A Day in the Life

Have you been wondering what we actually do over here, day-to-day?

It’s not all fun and games, folks, but then you know that if you’ve read our self-pitying posts about the end of our Vietnam leg. This is not one of those posts – enough of that unhappiness, right?

Though I’ll admit that we don’t really have a “typical” day, our life on the road is also much more “normal” than you might think.  A shared set of biological needs and evolutionary history means that we eat, sleep, drink, etc., just like every other animal, and that those things are a big part of our day.

Sure, there’s adventure and fun thrown into the mix too.  A few days ago, for instance, we passed our time cruising the dirt paths of Don Khon, an island at the very southern tip of Laos, cooling off in waterfalls, and seeing the famous Irrawaddy dolphins.  I also managed to go down in the mud and am now sporting a pretty nasty contusion on my left calf.  It was a pretty amazing day, bruise and all.

That’s what you think of when you envision yourself on great trip, right?  Beautiful sights, fun activities, good stories.  I doubt you imagine spending four out of seven days a week on a bus, motorcycle, train, or whatever your chosen mode of transport is.  I certainly didn’t.

Alas, that’s the way it is, sometimes for better and sometimes for worse: a huge chunk of any long-term traveler’s time is devoted to transit. Enough time to make it typical.

Here’s what one of those days looks like for us:

  • 6:30/7:00 a.m. – Wake up, check emails and social media in bed, and have instant coffee in our room, if available.
  • 7:30 a.m. – Get ready, do some burpees for exercise, and pack our bags.  If we can get a head start the night before, it’s a fairly quick process.  If not, it can easily take 20-30 minutes.
  • 8:00 a.m. – Eat breakfast, which is usually included in our room rate.  In Asia, this means soup, an egg bánh mì (sandwich), or an egg fried beyond all recognition with some bread and jam.   Not inspired at all, but it gets the job done.   Though we weren’t big breakfast eaters at home (weekend brunch being the wonderful exception), it’s now one of our most important meals.  We don’t usually eat during rides, as it’s best to avoid potential tummy troubles on the road where facilities are … lacking, at best.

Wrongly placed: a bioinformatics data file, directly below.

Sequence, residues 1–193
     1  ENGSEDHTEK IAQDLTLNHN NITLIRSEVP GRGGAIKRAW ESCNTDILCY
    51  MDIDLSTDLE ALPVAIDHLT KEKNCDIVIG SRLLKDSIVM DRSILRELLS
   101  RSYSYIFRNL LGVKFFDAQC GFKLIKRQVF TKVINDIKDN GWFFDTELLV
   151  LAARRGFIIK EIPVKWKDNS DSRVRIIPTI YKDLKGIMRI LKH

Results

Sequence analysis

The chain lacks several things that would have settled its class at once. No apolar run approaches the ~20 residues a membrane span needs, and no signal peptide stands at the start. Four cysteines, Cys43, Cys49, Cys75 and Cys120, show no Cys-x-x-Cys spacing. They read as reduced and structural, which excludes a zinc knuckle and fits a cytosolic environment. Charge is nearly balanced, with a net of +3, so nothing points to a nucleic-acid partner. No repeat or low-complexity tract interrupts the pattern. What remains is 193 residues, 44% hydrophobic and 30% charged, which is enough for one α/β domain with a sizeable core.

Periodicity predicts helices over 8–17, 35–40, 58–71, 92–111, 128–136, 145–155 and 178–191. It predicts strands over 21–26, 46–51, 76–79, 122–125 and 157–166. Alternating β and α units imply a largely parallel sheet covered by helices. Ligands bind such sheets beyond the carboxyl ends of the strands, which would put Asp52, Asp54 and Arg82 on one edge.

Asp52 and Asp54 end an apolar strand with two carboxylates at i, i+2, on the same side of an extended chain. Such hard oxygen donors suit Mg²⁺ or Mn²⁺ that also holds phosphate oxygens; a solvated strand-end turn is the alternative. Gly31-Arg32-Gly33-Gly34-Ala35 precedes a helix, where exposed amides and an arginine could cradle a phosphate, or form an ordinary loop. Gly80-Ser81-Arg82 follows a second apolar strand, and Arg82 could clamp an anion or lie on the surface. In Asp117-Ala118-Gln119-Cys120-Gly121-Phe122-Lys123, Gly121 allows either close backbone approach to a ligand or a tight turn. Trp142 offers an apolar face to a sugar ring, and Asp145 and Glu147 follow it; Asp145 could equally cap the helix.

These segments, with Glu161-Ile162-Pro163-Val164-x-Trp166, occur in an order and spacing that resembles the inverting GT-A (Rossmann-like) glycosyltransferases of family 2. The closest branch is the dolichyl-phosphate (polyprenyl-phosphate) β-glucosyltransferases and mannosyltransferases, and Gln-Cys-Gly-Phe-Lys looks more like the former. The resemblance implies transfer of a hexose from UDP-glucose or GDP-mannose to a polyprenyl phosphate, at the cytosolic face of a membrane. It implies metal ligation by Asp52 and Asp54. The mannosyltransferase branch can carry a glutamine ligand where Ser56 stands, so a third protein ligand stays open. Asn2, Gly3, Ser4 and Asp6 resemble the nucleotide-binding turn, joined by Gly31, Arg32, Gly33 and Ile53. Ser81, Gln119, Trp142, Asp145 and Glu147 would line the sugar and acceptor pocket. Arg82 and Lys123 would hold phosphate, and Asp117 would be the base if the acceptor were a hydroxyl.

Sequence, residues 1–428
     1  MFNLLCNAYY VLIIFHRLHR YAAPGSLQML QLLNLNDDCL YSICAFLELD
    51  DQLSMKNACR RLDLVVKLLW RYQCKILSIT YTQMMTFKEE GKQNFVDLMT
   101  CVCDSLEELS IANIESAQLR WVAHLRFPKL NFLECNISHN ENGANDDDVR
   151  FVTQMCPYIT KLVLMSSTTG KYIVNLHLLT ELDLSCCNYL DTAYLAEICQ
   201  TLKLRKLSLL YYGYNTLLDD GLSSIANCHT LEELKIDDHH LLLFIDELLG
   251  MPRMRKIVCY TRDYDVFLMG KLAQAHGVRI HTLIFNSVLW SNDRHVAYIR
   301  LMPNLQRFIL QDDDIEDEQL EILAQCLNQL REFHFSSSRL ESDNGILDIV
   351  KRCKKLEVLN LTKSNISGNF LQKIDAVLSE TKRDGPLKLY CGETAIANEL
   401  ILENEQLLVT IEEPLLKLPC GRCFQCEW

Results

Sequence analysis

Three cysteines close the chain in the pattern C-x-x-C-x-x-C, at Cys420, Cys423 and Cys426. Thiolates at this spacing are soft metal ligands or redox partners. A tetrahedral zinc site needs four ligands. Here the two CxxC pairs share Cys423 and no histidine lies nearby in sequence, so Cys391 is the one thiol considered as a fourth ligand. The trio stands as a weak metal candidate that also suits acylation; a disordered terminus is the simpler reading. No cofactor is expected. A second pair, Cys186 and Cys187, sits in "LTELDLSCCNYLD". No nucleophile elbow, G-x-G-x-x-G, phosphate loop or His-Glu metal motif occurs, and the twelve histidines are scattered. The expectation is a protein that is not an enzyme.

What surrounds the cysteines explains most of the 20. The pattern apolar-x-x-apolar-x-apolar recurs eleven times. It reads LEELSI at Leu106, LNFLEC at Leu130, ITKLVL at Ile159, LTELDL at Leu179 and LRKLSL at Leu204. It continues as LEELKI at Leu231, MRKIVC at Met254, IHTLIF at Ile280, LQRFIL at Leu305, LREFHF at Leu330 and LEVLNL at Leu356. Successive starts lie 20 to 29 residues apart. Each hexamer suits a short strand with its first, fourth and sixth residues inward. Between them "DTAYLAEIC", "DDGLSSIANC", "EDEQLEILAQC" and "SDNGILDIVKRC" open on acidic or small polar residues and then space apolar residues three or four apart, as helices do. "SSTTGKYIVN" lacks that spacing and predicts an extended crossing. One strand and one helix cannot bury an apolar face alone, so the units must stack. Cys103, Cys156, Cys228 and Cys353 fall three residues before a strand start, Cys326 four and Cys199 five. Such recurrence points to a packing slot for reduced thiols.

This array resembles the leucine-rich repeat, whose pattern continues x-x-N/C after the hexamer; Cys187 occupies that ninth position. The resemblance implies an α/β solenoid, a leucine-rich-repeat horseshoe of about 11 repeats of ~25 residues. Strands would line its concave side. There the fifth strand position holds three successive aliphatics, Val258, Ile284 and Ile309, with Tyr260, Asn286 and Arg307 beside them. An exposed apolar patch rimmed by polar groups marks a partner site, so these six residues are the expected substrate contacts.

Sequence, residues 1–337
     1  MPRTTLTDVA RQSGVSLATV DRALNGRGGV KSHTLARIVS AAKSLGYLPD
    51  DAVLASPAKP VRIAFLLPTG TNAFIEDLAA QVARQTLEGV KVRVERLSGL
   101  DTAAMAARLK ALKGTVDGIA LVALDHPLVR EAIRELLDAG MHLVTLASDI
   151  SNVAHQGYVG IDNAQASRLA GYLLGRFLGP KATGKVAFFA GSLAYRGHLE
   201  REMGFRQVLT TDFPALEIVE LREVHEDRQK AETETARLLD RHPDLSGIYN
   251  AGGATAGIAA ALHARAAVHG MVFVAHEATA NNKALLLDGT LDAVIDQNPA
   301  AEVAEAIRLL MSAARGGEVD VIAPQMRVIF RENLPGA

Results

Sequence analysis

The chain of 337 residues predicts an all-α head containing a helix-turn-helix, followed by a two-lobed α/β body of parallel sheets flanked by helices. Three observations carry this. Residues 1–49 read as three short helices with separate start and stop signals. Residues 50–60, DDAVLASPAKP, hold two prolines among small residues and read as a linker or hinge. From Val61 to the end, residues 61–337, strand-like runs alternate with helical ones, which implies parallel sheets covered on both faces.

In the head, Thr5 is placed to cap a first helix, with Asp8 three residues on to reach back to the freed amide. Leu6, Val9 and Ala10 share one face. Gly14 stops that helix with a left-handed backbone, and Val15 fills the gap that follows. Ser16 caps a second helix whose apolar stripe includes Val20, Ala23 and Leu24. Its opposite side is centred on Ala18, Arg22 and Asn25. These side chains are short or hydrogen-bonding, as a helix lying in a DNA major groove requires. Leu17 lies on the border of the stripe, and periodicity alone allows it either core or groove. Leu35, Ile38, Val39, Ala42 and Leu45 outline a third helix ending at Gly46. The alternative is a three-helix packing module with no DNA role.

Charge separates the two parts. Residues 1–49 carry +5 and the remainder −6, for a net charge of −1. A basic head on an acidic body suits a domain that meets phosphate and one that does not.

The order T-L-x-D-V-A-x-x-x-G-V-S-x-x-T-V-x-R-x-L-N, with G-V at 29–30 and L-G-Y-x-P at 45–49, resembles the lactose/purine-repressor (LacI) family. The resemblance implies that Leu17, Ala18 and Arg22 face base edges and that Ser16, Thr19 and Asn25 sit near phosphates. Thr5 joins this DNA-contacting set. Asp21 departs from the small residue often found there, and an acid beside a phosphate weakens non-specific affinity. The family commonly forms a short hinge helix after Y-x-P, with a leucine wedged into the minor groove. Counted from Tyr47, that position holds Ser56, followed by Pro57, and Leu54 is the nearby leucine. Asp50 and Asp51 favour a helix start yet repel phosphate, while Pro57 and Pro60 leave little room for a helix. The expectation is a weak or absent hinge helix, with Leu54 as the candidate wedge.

• 8:30 a.m. – Load up the bikes.
  • 8:45 a.m. – Depart hotel, fill up our tanks, and hit the road.  Our transit rides average around 140 km.  If we’re on a fairly flat, straight, well-maintained road, it takes us about three hours with rest breaks and stops to take photos along the way. Throw in some curves, major potholes, and a lot of elevation gain and/or loss, and that same distance can take us up to eight or nine hours.
  • 9:00 a.m. – One or both of us feel first pangs of tummy troubles despite being careful with breakfast.  Proceed to ignore/will the troubles away.
  • 9:15 a.m. – Tummy troubles dissipate.  Big sigh of relief.
  • 9:30 a.m. – Tummy decides to amp up its threats to go nuclear.
  • 9:32 a.m. – Threat level midnight.  Leap off bike and immediately seek relief.
  • 9:35 a.m. – Conclude horror show by noticing that the chosen bathroom spot was hidden from the road but not from some farmers working their fields, who are currently staring, mouths agape.  Feel a mixture of embarrassment and indifference – as long as one feels better, who cares?  We’ll never see these people again.